Posted on October 18, 1999 in Washington Watch

It is quite normal that in a presidential election year, partisan politicking replaces legislating in Washington. What is unusual is that this is occurring more than one year before the elections and that it is affecting the conduct of U.S. foreign policy.

The climate is so heated in Washington and the division between the parties is so great, that the Republican-led Senate did not hesitate last week to deliver a major blow to the Democratic President on the issue of the Comprehensive Test Ban Treaty (CTBT).

While some analysts have faulted both sides for the Senate’s negative vote, the best alternative they could propose was that the CTBT not have been voted on at all. The treaty’s defeat was certain, because a hard core group within the Senate has opposed any new arms control agreements and because Republican Senate Majority Leader Trent Lott feared losing support among this group if he made any compromise deal with the White House. Lott is still chaffing from criticism he received for working with the Administration to secure passage of the Chemical Weapons Convention in 1997.

Lott’s opposition to deal-making on the CTBT, therefore, presented the White House with only two alternatives–withdraw the treaty from consideration by the Senate for at least one and one-half years, or present it for a vote and see it be defeated.

Given the strong opposition of some Republicans to the treaty and arms control in general, it was not possible that the CTBT would be approved or that the issues raised by the treaty’s defeat not be a highly charged partisan affair.

While advocates of the CTBT point to the treaty’s safeguards and to the long-term benefits of ending all nuclear testing, the treaty’s Republican critics have warned of the compact’s weaknesses and of the threats to U.S. security.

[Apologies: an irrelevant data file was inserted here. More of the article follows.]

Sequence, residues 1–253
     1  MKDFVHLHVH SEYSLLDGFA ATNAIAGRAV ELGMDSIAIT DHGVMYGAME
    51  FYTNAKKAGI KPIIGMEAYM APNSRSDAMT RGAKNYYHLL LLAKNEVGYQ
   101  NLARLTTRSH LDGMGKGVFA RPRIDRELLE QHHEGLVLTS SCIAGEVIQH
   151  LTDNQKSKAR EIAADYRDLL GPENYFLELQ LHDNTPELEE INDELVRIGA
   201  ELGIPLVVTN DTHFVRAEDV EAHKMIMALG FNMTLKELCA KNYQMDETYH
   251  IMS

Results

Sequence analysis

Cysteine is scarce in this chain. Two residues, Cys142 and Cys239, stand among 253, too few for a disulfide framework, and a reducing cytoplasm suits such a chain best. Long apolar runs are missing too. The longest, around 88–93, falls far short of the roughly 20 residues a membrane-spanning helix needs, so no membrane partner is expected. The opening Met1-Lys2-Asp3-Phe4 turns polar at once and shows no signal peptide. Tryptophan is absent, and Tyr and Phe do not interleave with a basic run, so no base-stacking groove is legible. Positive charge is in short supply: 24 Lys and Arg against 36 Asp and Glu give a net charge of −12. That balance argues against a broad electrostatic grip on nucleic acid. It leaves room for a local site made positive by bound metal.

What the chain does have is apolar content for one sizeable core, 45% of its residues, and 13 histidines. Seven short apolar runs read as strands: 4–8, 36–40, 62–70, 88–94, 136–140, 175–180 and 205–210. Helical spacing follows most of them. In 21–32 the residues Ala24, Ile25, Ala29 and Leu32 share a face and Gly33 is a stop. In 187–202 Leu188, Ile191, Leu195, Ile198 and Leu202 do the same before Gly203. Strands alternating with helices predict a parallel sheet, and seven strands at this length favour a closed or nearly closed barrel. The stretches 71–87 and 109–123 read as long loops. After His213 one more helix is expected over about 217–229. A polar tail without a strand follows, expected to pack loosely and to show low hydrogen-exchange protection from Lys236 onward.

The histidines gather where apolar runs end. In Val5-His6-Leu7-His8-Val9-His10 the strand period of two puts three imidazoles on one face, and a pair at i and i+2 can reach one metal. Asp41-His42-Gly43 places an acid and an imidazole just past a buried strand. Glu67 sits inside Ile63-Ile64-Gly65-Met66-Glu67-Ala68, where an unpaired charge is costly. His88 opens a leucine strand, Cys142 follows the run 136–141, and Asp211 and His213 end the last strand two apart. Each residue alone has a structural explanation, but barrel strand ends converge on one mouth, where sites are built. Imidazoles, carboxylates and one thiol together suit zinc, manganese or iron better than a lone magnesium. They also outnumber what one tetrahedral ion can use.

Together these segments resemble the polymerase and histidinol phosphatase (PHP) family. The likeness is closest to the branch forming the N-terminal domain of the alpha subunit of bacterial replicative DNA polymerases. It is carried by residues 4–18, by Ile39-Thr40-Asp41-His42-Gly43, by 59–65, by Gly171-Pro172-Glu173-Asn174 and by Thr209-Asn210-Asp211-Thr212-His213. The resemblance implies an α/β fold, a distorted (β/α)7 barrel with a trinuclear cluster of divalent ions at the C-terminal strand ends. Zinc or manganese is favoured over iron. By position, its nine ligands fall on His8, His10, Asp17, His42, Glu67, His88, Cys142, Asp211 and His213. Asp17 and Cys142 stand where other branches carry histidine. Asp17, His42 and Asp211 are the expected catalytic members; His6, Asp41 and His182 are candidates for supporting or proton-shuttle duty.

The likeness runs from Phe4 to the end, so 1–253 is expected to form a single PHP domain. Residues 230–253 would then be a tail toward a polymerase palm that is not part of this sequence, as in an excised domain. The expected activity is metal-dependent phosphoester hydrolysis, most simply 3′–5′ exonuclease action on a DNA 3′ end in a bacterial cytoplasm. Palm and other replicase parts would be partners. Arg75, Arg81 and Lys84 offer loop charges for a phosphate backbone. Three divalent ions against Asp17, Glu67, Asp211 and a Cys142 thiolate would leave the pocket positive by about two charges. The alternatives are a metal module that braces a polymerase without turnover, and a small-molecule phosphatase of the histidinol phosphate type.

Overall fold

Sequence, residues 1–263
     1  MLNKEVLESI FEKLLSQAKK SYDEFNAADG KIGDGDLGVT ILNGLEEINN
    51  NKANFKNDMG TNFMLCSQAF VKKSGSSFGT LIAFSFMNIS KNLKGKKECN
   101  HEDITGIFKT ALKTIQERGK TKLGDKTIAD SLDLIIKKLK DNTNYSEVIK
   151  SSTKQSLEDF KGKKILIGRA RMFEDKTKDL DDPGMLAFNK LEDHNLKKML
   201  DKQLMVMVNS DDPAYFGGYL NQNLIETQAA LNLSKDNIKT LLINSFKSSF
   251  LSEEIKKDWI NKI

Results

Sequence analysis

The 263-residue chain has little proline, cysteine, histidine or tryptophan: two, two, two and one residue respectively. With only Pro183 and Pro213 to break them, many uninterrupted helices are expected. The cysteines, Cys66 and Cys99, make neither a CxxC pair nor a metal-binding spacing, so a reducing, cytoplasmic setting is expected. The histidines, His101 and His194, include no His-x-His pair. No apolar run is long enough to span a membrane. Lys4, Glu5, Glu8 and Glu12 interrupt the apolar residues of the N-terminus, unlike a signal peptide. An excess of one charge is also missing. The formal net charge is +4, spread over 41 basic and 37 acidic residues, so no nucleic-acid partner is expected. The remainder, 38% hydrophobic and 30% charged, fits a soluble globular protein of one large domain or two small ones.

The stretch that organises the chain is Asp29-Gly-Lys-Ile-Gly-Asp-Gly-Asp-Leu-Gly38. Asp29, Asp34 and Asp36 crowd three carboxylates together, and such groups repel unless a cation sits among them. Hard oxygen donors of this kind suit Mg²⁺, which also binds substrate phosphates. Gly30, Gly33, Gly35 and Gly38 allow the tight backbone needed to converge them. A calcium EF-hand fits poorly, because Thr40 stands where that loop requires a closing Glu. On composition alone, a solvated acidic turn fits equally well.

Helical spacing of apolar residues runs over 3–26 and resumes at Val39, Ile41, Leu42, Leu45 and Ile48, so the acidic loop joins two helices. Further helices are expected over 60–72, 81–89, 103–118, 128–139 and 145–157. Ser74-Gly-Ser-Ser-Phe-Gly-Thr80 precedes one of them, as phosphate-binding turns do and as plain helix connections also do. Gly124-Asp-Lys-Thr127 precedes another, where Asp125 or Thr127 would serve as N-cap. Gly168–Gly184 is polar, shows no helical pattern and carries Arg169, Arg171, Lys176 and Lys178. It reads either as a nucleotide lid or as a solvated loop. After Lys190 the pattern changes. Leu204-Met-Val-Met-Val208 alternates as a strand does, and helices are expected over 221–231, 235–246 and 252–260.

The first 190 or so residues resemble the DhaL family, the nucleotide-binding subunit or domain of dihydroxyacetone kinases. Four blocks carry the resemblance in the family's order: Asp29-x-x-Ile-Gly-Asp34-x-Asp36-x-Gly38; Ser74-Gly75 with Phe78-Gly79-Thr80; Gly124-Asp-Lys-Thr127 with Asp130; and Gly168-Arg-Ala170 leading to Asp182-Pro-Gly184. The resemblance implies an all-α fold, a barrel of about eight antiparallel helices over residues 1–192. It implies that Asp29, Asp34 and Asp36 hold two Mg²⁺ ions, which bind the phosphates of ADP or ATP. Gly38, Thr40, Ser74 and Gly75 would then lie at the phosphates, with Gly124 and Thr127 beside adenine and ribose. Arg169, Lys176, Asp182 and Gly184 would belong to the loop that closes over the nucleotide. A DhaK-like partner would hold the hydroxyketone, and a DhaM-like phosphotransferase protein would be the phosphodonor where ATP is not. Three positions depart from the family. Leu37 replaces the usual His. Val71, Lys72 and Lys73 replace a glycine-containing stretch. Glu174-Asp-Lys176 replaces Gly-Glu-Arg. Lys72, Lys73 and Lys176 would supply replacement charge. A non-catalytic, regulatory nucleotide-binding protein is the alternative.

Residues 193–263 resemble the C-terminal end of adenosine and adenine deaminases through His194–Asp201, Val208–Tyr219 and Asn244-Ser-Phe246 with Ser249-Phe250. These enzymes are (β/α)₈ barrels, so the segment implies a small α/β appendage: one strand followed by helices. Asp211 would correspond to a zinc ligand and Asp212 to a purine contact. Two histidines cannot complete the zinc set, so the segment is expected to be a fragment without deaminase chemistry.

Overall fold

The treaty, as is currently stands, provides for:

    ·A worldwide prohibition of all testing of nuclear explosions;

    ·The establishment of worldwide monitoring stations to verify compliance; and

    ·Inspections of any suspicious test sites.

Supporters of the treaty insist that the CTBT’s monitoring provisions and its worldwide ban requirement will “buttress non-proliferation” and create a mechanism that will insure that no new nuclear development take place.

The Republican opponents of CTBT, however, have long opposed arms control, as a strategy and a concept, even when they have voted for some past treaties. The argued that ratification of the CTBT would only weaken the United States and would not guarantee that the “rogue regimes” would be deterred from developing new weapons. One analyst described the conservative argument as fearing “that the test ban treaty is a dangerous first step toward weakening America’s nuclear deterrent and preventing the United States from building newer and deadlier weapons in the future.”

These critics have attacked the supporters of the treaty as “Polyannas” who “naively believe that arms control can create a safer world.”

Even with these extremely divergent views, in the past, the two parties have found ways to achieve compromise–especially when the eyes of the world were on Washington and U.S. leadership was at stake. But in the heated partisan climate of the 2000 elections, no such bipartisan cooperation could be found.